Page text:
The Fiat SOHC used the full gamut of induction techniques through its long production run. The original 128 and 138 series engines originally used a single down-draught carburettor. The carburettor was normally of progressive twin-choke design (two asymmetric sized chokes operated progressively) such as the Weber DMTR and DATR of the X1/9. Multi Point fuel Injection (MPI) was introduced late in the 138 series to help meet lowered emission requirements in the US. The original MPI system comprised a large cylindrical plenum running parallel to the engine with individual runners to each inlet port and a single throttle controlling air-flow into the plenum. This plenum was pressurised in the Mk I Uno Turbo. The plenum was slightly redesigned to a more angular "box" shape for the 3rd Generation engines and was again pressurised for the Uno and Punto GT Turbo models. For the 3rd Generation engines the down-draft carburettor was replaced with a Single Point fuel Injection system (SPI) in the base-level models. The SPI system mounts on a manifold similar to that of the carburetted models and looks, as well as acts, much like a single-choke carburettor with a single throttle plate but no venturi and a centrally mounted single injector.
Tuning & modification
Traditionally both down-draft (DCNF & IDF) and side-draft (DCOE) twin-choke carburettors have been used to extract more power from the 128 derived engines. IDFs are rarely used due to an incorrect orientation of the float-bowls (causing possible surge/starve issues under cornering), the correctly orientated DCNF being the preferred down-draft carburettor in this application (also having a much lower profile than the IDF). For ultimate power the DCOE carburettor is used even though the float-bowl direction matches that of the IDF (i.e. incorrect). The aforementioned carburettors are usually used in pairs (effectively giving one independently tuneable carburettor per engine-cylinder), though applications where a single DCNF/DCOE are used to feed a shared manifold do exist. DCNF's tend to be either 36 mm or 40 mm, the larger 44-DCNF is deemed too large for the engine. Both 40-DCOE and 45-DCOE are commonly used where space allows.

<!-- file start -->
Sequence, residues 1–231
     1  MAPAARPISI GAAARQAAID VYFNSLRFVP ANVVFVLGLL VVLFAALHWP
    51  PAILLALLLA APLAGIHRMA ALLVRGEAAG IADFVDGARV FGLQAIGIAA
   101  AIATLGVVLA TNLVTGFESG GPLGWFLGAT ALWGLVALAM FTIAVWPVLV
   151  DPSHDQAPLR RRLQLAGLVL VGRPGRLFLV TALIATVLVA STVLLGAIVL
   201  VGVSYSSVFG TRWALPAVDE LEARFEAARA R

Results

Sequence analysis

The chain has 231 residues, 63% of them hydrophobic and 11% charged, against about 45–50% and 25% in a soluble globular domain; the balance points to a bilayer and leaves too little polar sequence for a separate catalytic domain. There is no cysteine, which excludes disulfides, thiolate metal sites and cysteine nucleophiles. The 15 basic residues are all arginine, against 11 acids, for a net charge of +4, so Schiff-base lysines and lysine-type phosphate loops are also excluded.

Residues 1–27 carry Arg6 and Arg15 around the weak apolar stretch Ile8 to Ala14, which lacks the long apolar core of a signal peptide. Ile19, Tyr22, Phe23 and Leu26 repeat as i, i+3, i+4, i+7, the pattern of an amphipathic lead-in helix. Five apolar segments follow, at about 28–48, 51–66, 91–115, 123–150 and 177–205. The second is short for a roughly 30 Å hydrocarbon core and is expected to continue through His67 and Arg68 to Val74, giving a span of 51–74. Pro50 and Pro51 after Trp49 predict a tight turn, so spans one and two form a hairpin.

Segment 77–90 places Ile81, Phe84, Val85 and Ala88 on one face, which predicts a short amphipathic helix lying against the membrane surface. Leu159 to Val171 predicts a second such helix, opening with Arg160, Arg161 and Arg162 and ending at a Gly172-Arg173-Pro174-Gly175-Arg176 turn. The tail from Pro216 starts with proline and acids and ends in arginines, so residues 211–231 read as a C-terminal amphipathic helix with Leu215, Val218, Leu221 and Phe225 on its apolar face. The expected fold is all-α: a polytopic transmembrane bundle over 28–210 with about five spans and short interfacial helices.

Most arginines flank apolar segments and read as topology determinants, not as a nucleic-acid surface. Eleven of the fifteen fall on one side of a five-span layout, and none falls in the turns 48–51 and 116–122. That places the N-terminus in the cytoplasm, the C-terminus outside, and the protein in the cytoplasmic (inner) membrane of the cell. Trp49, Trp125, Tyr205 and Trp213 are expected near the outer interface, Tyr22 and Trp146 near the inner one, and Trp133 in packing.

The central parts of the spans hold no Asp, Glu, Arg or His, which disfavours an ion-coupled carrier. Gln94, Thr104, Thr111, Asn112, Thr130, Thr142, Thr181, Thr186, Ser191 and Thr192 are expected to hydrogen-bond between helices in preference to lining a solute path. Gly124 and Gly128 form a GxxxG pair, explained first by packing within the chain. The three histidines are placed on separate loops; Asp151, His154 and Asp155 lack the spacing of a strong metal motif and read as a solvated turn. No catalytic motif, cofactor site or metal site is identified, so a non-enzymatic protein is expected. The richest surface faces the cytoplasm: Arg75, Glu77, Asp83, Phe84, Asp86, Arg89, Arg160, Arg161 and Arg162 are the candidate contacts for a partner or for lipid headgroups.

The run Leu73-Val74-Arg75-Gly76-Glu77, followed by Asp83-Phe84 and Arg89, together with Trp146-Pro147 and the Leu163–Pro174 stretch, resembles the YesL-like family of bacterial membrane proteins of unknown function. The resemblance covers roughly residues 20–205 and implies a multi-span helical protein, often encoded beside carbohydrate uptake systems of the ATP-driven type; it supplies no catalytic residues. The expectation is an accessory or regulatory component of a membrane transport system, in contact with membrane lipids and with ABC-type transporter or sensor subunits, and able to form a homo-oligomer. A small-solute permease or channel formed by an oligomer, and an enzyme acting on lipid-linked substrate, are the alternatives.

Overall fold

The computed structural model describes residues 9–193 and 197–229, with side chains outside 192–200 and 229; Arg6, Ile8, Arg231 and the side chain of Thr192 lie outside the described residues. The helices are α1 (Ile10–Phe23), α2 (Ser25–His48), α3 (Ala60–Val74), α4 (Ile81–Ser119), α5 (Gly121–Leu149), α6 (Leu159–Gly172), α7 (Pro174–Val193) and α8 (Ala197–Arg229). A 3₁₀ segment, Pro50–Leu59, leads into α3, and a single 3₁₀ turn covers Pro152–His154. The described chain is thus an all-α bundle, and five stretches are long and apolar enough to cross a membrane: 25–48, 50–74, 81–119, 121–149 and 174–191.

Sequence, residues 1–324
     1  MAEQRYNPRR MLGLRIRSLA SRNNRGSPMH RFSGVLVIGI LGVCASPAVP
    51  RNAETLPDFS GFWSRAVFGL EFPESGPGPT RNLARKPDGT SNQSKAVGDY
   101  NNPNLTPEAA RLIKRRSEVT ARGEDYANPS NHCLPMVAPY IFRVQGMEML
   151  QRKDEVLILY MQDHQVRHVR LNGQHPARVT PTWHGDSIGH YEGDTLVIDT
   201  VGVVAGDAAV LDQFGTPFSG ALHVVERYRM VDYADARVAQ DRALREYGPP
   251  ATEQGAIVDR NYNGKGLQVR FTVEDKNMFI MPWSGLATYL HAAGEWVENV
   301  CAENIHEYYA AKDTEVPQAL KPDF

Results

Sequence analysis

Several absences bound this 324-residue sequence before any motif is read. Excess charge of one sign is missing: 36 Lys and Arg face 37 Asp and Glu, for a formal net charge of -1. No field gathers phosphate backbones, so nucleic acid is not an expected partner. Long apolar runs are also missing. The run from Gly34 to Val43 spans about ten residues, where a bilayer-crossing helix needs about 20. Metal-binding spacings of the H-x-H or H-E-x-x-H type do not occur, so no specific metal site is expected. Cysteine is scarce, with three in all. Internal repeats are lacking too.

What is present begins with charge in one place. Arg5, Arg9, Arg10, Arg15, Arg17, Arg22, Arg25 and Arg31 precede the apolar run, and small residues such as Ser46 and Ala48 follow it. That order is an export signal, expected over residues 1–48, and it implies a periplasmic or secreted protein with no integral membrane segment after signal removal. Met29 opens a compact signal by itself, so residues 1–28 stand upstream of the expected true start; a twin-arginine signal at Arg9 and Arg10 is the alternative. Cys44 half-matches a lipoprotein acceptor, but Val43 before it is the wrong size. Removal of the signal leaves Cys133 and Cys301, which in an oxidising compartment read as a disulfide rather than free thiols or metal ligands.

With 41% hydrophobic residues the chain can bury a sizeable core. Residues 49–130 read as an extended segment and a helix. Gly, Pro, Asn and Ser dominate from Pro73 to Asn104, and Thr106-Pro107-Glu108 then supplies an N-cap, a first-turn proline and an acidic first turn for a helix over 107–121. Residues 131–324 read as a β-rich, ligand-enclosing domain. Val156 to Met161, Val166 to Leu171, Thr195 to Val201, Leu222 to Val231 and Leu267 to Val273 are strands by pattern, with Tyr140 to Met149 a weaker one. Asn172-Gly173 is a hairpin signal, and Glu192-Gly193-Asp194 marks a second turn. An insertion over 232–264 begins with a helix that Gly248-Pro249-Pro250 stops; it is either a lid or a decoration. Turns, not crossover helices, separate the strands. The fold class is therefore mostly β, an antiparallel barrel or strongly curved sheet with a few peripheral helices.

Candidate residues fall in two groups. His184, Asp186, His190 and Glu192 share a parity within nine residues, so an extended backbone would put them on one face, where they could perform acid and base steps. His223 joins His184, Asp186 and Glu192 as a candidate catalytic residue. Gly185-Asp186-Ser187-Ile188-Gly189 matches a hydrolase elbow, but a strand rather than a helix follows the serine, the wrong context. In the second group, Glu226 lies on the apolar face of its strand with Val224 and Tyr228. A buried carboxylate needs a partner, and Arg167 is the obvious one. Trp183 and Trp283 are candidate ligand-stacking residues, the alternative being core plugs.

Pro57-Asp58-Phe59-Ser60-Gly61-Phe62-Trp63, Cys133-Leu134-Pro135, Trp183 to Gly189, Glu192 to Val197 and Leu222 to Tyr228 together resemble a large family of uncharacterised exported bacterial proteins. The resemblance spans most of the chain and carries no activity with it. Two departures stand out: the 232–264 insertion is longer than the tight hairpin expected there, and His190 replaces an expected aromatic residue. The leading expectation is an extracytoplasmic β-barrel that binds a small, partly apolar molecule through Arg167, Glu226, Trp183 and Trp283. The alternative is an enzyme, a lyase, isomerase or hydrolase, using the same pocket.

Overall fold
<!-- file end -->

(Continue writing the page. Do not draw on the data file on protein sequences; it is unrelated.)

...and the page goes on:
Tuning of the early MPI systems has previously been difficult as the electronic control systems are analogue making them difficult to "re-map". Low-cost DIY Fuel Injection (FI) controllers (such as MegaSquirt) have made it easier to alter the characteristics of the early MPI systems and release similar potential as the DCNF/DCOE carburettors. It is possible to "chip" the later digital MPI systems though aftermarket FI controllers again give greater flexibility.
Individual FI Throttle Bodies (TBs) are available for mounting to DCNF and DCOE manifolds as well as custom-built FI systems which, with aftermarket controllers, give the most flexibility and control over fuelling out of all the options.
Motorcycle, or "bike" carburettors, being a modern and cost-effective alternative to DCOE/DCNFs, have been adapted to work with the 128-derived engines. They potentially offer better control over fuelling than DCNF/DCOE, but their use on the Fiat SOHC engine is still in its infancy.
The camshaft was a main methods of varying the 128 series engines characteristics for different applications/markets. The high-revving oversquare design of the 128 engine lends itself to high-overlap high-duration cam profiles better than more traditional square/under-square engine designs without losing drivability. Though a beneficial characteristic for sports orientated engine the high-overlap high-duration cam design gives poor emissions output which was unacceptable under the tightened US emissions regulations. To remedy this (in addition to the introduction of MPI) camshafts for emission-restricted markets featured asthmatic low-lift, low-duration, low-overlap profiles totally unsuited to the nature of the 128 engine.